We’ve all fallen in love while on the train. Or the bus, or the plane, or whatever. It’s a shared experience. And on my way to the Polyphonic Spree concert, it happened to me. You know how you can just tell? The way they look, the way they act, the way they dress, it’s all down pat. Nothing ever comes from these chance encounters – or at least very rarely. But that doesn’t mean we can’t enjoy them.
I rounded the corner and arrived at Park West, meeting Alex, my faithful photographer friend, and we headed inside. Entering the venue itself we were immediately assaulted by the sounds of opener New Fumes: hazy psychedelic electronica with one man, one SG, one MacBook and a goat mask. The fadeout of the first song and transition into the next feels like a sunny, summer acid trip. New Fumes – a.k.a. Daniel Huffman, who has toured and collaborated with both The Polyphonic Spree and The Flaming Lips – has distilled 80s synth-pop with psychedelia and shoegaze into a White Dog of IDM. It’s not long before I regret not bringing the last of my Tramadol. One of the things most impressive about New Fumes is the all-encompassing show he brings. It’s not just a guy with some stuff on stage, he shows up to the party with carefully crafted and choreographed video that’s projected behind him (and also a screen on either side, in this space) which syncs up perfectly with the music. There’s white noise – both musically and on the projections – suddenly a baby owl (which immediately reminds me of Twin Peaks) and bird calls ring out, which meld into birdsongs of the technozoic and melt into the next track. Looking around, it’s clear that this crowd is not on enough drugs to truly appreciate this kind of music. The room should be filled with kids on a deep peyote trip, people should be passing mescaline around and becoming one with the displays and sounds. Still, everyone seems to at least be enjoying it, even if there’s no dancing. There should be dancing.
Sweet Lee Morrow is up next, another solo artist but this time only using a baby blue Fender acoustic guitar and a keyboard across the stage. He walks up and sits down on the stool wearing a brown corduroy sports coat, a multicolored scarf and jeans with tousled brown hair dyed black and red in patches, stubble, and two lines of eye shadow painted just under his eyes, one in the shape of a T like a tear. His is the stony, easy-going, quirky folk that puts you off-guard with its eccentric lyrics and relaxes you into a full-on, let’s-just-chill-and-have-a-good-time mode. The atmosphere is beyond casual. In the middle of one song, he completely forgets the next lyric and stops dead, looking like a deer caught in headlights but bemused by it all at the same time. After a couple attempts to recall them, he gives up and simply mumbles until the chorus, grinning the whole time. Then he walks over to the keyboard and laments the lack of a chair. When someone points out that he has a stool, he laughs, walks over to grab it, sits, and launches into a melancholy song in great contrast to the antics that preceded it. “Life isn’t really a battle,” he sings in “Good to be Glad,” “and love, drink it right from the bottle.” During the next song, his cell phone rings – and he actually picks it up and has an albeit brief conversation. “No, I won’t forget,” he assures his caller, before remembering his place in the song by whipping through the previous verse. After he finishes he plays and sings “Let’s all get up and dance to a song,” pauses, looks out at the audience, does it once more in hopes to implore the seated stragglers in the back to come up to the dance floor.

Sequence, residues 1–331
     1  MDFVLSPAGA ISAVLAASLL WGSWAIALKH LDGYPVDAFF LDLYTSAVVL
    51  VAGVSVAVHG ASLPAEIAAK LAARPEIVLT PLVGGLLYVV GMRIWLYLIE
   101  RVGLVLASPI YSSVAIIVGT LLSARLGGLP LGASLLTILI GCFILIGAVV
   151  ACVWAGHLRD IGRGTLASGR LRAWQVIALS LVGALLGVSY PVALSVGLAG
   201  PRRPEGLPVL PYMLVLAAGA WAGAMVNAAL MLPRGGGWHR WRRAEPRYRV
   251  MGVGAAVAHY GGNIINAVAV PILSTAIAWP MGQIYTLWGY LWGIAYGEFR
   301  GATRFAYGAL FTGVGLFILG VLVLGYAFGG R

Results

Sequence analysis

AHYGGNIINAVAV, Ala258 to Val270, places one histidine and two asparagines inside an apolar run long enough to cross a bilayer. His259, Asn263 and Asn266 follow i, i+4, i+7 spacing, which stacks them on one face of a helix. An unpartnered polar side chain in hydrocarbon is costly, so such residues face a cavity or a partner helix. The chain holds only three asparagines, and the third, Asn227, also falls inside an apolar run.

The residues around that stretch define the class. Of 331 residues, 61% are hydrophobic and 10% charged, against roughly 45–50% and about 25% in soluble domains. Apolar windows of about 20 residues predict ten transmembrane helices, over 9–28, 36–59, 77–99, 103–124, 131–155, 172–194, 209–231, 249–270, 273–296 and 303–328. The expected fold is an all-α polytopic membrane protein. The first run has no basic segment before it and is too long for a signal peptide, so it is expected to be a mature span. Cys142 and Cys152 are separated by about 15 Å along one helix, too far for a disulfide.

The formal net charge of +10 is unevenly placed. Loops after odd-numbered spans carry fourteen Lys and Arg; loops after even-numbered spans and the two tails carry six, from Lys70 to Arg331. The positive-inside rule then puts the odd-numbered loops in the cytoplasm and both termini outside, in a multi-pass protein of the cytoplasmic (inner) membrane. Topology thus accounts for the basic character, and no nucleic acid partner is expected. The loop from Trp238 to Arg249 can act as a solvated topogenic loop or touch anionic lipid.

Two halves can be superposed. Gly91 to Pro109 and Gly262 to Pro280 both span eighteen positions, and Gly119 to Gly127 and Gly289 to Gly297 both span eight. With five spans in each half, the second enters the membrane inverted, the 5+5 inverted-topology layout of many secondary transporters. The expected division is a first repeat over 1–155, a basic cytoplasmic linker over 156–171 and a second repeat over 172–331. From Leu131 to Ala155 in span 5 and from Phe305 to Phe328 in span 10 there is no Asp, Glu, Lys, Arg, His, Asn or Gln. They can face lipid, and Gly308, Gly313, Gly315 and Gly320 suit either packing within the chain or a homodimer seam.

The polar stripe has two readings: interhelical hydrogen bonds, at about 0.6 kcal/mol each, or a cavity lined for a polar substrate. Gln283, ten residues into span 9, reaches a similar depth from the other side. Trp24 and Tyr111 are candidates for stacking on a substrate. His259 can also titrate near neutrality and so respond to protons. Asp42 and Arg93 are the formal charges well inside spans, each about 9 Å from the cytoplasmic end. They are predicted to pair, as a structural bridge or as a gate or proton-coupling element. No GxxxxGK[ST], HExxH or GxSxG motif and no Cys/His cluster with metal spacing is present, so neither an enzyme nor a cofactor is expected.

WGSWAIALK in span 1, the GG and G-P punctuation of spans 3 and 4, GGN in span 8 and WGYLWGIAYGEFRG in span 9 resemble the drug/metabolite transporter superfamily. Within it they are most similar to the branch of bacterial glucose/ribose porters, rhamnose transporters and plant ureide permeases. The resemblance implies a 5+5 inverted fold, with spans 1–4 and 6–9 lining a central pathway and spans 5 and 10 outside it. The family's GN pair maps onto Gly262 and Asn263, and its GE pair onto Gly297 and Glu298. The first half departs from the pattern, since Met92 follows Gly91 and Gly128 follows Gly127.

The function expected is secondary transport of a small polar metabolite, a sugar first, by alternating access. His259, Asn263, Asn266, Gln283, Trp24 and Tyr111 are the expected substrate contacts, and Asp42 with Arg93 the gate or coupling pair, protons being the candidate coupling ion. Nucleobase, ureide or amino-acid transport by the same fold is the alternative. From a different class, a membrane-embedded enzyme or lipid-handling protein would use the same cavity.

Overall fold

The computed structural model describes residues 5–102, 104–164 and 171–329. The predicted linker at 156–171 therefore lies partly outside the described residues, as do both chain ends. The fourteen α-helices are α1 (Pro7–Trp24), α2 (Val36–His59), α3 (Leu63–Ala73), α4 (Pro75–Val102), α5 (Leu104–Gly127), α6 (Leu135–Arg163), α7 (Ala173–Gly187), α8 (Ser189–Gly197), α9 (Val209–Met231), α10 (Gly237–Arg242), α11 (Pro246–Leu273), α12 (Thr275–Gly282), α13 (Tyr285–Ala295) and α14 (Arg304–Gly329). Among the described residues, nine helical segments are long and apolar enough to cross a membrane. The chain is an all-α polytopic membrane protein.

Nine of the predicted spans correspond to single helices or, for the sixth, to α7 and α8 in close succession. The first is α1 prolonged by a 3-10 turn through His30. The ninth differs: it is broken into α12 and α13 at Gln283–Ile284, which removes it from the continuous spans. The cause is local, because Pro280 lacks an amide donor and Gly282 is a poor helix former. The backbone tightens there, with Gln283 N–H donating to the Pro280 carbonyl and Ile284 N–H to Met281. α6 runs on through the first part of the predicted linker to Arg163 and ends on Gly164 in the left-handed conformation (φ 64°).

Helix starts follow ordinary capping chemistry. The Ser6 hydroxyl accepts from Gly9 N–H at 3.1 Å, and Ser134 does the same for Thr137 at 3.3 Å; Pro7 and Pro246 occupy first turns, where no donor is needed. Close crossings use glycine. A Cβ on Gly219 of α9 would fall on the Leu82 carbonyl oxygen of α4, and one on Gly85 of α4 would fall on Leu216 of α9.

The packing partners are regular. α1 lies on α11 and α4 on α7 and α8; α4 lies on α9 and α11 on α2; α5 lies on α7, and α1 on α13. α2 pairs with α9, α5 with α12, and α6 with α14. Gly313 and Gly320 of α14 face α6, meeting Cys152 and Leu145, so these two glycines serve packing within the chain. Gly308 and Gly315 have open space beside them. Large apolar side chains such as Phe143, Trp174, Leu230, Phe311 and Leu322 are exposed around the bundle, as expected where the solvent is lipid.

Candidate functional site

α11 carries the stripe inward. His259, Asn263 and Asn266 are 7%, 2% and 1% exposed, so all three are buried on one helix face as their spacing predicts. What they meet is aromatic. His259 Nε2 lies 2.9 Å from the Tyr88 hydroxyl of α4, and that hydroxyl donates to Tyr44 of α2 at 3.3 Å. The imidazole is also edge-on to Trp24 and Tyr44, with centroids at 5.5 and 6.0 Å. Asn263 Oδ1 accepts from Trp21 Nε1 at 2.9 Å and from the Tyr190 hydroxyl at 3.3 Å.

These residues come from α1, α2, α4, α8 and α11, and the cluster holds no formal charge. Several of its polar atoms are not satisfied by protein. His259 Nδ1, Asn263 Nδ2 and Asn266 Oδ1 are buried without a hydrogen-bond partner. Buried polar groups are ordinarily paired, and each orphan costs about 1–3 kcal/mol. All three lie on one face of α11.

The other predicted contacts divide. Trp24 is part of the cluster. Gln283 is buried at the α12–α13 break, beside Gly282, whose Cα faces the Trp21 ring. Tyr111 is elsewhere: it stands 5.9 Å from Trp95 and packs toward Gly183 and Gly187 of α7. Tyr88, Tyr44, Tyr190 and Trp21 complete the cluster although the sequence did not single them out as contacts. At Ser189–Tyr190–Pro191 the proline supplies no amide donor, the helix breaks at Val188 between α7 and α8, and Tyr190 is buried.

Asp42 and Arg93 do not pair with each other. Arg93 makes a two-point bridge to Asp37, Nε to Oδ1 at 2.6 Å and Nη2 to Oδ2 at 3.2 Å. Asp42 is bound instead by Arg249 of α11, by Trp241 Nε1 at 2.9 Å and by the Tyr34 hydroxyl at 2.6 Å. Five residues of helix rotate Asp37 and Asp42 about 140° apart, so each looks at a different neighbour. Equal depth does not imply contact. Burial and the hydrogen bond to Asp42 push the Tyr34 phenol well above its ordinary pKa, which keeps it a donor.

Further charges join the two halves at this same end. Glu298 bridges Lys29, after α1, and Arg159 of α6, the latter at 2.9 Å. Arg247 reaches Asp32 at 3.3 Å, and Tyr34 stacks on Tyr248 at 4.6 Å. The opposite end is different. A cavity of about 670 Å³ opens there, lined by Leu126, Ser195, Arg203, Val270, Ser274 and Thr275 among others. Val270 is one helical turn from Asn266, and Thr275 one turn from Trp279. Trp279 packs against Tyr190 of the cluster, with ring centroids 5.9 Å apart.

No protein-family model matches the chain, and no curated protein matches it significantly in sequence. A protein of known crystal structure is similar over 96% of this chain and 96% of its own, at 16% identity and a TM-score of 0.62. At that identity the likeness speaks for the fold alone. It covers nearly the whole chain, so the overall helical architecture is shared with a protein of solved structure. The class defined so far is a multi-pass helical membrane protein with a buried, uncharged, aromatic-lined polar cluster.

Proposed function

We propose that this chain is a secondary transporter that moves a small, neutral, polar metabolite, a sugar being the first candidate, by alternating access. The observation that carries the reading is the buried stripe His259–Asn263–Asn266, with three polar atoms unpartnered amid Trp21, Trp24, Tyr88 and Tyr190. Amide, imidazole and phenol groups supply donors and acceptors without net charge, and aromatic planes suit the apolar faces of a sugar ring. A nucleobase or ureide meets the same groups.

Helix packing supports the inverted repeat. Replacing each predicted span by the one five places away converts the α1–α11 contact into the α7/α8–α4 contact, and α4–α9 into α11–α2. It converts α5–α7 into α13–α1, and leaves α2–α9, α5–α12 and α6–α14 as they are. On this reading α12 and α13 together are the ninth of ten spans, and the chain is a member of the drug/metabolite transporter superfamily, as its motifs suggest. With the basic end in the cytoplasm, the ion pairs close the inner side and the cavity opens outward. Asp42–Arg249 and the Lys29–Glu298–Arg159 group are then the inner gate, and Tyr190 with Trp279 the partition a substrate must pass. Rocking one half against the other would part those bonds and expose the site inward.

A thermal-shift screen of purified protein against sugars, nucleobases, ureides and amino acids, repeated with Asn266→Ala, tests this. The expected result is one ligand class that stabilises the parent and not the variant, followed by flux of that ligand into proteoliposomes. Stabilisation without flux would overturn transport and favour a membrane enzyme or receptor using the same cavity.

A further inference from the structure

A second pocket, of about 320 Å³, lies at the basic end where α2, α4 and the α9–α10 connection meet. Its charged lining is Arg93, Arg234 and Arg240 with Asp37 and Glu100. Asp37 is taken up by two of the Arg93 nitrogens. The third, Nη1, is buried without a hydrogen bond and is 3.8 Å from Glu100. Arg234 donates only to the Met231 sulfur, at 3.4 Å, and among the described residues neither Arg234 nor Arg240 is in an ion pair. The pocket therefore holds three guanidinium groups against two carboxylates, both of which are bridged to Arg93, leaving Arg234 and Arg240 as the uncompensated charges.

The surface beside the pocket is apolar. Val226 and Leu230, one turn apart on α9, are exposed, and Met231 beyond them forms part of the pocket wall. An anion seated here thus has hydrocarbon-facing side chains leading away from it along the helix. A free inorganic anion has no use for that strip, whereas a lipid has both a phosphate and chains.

As the set goes on, I realize that both openers represent different aspects of The Polyphonic Spree – and both of them have been a part of the band (Sweet Lee Morrow was a founding member and plays keys on this tour). New Fumes has the strange, far-out, psychedelic side of the Spree – only using electronic instruments and forcing analog signals like his guitar through so many pedals it takes on a completely different character – as well as their pop sensibilities. Sweet Lee Morrow has the folky, sweet, and zany part of the Spree, the earnestness and overflowing joy that the group possesses. “You guys ever heard of a band called The Beatles?” he asks us. The crowd cheers in approval. “I’m gonna play a song not by The Beatles,” he grins; but all of his songs have that melodic anchor and fanciful ridiculousness of Macca. I mean, come on – “Maxwell’s Silver Hammer”? Suddenly, a momentous song emerges: “Politics” begins with a familiar but enjoyable chord progression before—“Fuck all these politics!” Morrow sings, with glib dismissal. It’s the beginning of a song laden with beautiful, gritty, despairing yet hopeful lyrics. “I’ll have a glass of luck, chase it down with fear,” “Strung out on Lover’s Lane on the way home from good music and cheap cocaine.” To me, it was the stand-out of the night so far. But his final song is also a knock-out: “We are creatures without comfort…with memories made of gold.”